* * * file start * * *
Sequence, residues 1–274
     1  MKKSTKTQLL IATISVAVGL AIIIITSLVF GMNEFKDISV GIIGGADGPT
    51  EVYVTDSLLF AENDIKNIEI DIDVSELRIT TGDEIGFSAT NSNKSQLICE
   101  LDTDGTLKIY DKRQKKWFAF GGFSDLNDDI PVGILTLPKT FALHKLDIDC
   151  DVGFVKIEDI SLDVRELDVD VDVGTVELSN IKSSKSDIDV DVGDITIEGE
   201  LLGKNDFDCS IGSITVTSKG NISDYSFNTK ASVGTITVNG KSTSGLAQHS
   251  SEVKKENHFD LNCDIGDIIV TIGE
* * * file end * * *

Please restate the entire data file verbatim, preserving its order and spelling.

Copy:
Sequence, residues 1–274
     1  MKKSTKTQLL IATISVAVGL AIIIITSLVF GMNEFKDISV GIIGGADGPT
    51  EVYVTDSLLF AENDIKNIEI DIDVSELRIT TGDEIGFSAT NSNKSQLICE
   101  LDTDGTLKIY DKRQKKWFAF GGFSDLNDDI PVGILTLPKT FALHKLDIDC
   151  DVGFVKIEDI SLDVRELDVD VDVGTVELSN IKSSKSDIDV DVGDITIEGE
   201  LLGKNDFDCS IGSITVTSKG NISDYSFNTK ASVGTITVNG KSTSGLAQHS
   251  SEVKKENHFD LNCDIGDIIV TIGE